The Michigan Department of Environmental Quality oversees 88 potential high-hazard dams in the state, and all but six of them are approaching or past 50 years old, the average engineered life span for a dam. Overall, more than 90% of Michigan’s nearly 2,600 dams will reach or exceed their design life by 2020, the American Society of Civil Engineers (ASCE) stated in a 2009 report giving Michigan a D grade on the condition of its dams.

    A 2007 study on the growing crisis of aging dams in Michigan, prepared by Public Sector Consultants and Prein and Newhof for the Michigan Municipal League Foundation, said Michigan has nearly 120 dams in need of an estimated $50 million to address their repair or removal.

    11 votes
    1. [3]
      Flashynuff
      Link Parent
      Worth noting that more than half of these dams, including the one that failed, are privately owned. I do not think it is a good thing that so much of our infrastructure is owned (and maintained)...

      Worth noting that more than half of these dams, including the one that failed, are privately owned. I do not think it is a good thing that so much of our infrastructure is owned (and maintained) by unaccountable private entities.

      17 votes
      1. [2]
        Amarok
        Link Parent
        Fukushima was in the same situation. Private profit chasing through cost cutting does not seem to mesh well with maintaining public/key infrastructure. I wonder if forcing infrastructure into a...

        Fukushima was in the same situation. Private profit chasing through cost cutting does not seem to mesh well with maintaining public/key infrastructure. I wonder if forcing infrastructure into a non-profit business model would help.

        11 votes
        1. Litmus2336
          Link Parent
          TEPCO holds lots of blame for Fukushima, but the government holds equal amounts. We need much stricter regulation on safety infrastructure.

          TEPCO holds lots of blame for Fukushima, but the government holds equal amounts. We need much stricter regulation on safety infrastructure.

          9 votes
    2. [4]
      patience_limited
      (edited )
      Link Parent
      Michigan is not unique among U.S. states with respect to neglected watercourse infrastructure: https://www.nytimes.com/interactive/2017/02/23/us/americas-aging-dams-are-in-need-of-repair.html It's...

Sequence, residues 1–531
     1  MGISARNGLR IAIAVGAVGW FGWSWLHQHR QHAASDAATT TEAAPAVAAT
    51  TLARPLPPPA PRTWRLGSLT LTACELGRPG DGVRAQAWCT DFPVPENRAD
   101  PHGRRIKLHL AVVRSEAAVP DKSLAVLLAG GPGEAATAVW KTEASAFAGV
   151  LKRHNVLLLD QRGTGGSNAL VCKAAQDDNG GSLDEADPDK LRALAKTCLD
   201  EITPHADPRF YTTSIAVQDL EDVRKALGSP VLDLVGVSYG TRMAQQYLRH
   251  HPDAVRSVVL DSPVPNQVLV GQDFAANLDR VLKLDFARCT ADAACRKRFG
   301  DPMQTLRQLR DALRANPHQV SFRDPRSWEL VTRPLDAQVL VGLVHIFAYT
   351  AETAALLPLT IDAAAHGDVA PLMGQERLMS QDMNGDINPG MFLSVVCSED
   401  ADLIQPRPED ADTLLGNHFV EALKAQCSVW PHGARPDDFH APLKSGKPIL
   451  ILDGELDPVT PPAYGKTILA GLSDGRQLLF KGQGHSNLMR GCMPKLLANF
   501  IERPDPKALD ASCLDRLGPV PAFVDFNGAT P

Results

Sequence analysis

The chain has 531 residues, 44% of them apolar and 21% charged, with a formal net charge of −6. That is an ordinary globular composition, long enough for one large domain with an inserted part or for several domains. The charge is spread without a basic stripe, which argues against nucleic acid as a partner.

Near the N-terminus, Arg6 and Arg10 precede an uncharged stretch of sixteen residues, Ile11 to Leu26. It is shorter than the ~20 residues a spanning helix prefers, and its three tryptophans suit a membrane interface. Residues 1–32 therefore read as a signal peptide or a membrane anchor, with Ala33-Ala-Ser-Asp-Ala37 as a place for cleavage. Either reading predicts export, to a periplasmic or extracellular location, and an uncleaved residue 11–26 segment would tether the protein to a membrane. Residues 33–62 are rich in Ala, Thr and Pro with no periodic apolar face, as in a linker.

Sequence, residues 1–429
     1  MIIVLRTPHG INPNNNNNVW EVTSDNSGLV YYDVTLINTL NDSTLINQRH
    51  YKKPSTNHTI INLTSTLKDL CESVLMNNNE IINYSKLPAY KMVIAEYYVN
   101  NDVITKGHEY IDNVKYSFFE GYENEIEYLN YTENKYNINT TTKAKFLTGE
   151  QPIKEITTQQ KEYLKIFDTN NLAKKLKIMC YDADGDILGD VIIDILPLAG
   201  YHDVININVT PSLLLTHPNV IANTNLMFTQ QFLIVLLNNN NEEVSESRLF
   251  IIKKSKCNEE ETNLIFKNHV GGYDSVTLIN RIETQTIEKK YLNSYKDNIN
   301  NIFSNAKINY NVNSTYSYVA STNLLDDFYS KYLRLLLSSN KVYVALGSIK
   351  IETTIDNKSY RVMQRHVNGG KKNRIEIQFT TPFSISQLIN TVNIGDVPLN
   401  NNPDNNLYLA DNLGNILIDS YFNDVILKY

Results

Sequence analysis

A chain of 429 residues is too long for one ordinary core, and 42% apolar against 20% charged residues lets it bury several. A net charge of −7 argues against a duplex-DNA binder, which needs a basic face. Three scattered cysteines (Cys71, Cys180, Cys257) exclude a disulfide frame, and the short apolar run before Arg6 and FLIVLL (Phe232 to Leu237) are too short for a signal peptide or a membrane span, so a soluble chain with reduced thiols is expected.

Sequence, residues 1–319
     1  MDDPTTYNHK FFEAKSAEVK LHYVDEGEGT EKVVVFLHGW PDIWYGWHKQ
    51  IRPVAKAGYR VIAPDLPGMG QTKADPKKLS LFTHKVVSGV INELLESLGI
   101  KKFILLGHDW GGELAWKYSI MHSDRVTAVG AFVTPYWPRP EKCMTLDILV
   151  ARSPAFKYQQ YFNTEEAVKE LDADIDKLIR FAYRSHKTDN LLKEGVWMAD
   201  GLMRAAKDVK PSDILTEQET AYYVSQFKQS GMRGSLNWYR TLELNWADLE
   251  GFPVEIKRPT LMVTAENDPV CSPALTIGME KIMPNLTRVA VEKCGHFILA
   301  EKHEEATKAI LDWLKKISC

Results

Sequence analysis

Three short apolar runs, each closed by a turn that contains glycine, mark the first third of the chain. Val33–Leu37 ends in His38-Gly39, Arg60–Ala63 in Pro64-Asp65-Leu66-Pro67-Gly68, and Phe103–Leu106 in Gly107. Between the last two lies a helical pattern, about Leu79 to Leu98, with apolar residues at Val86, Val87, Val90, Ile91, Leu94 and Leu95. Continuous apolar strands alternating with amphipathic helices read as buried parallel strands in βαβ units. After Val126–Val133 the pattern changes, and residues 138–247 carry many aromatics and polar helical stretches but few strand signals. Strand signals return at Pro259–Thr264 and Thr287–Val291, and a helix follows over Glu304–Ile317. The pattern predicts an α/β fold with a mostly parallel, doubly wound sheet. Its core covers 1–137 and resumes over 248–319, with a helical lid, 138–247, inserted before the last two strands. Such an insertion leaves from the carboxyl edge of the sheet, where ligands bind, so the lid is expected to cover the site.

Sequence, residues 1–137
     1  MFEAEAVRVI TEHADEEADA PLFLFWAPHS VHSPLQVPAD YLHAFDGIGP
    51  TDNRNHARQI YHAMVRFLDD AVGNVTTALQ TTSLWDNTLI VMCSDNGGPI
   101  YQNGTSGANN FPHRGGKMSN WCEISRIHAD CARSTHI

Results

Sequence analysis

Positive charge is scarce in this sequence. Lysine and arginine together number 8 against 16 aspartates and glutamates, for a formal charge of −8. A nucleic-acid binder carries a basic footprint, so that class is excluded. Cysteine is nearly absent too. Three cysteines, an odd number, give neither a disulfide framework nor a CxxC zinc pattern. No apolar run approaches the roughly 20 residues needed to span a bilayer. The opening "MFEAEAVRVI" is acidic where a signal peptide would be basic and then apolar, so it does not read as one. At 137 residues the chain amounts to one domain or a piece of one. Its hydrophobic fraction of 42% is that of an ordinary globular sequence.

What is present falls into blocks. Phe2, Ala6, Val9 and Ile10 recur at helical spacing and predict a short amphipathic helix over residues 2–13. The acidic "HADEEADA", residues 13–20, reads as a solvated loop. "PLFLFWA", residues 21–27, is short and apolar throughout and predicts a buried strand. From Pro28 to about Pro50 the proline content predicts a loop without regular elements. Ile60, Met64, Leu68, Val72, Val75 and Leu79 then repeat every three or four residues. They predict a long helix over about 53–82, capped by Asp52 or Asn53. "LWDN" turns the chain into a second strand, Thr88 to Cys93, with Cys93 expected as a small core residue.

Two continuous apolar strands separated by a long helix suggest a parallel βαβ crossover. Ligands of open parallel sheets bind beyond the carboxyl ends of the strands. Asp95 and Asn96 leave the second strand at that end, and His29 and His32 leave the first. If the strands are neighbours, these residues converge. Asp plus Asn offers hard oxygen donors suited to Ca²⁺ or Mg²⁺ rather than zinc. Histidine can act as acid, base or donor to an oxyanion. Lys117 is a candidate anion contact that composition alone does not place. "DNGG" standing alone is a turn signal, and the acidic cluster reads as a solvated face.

Michigan is not unique among U.S. states with respect to neglected watercourse infrastructure:

      https://www.nytimes.com/interactive/2017/02/23/us/americas-aging-dams-are-in-need-of-repair.html

      It's part and parcel of the overall neglect that's been a hallmark of U.S. governance for the past 50 years. Despite all the gab about "shovel-ready" projects when government stimulus was discussed during the last recession, the long-term, multi-trillion dollar plan needed for repair and replacement never materialized. So now we've got climate change, dilapidation, and utilization growth all piling up. Congressional Democrats recently tabled a spending plan, but it's not enough and politically has nowhere to go.

      The State of Michigan, by itself, has had long-running political problems with funding. Republican governors and legislatures have consistently blocked spending for the most basic infrastructure maintenance, to the point where our potholed roads are a national joke. Governor Whitmer (my latest pol crush!) has a plan for that, and yes, it involves raising taxes.

      Flooding and rising lake levels have been causing major property damage statewide for the past year. The situation might focus center-right voters (who've been watching the waterfront bluffs crumble under their summer cottages) on exactly how much damage is traceable to Republican tax-slashing and consequent underfunding.

      Edit: Also, roads, bridges, dams, the electrical grid, etc. are very dull topics for discourse and journalism. Until they aren't. Public inattention and lack of priorities are factors.

      11 votes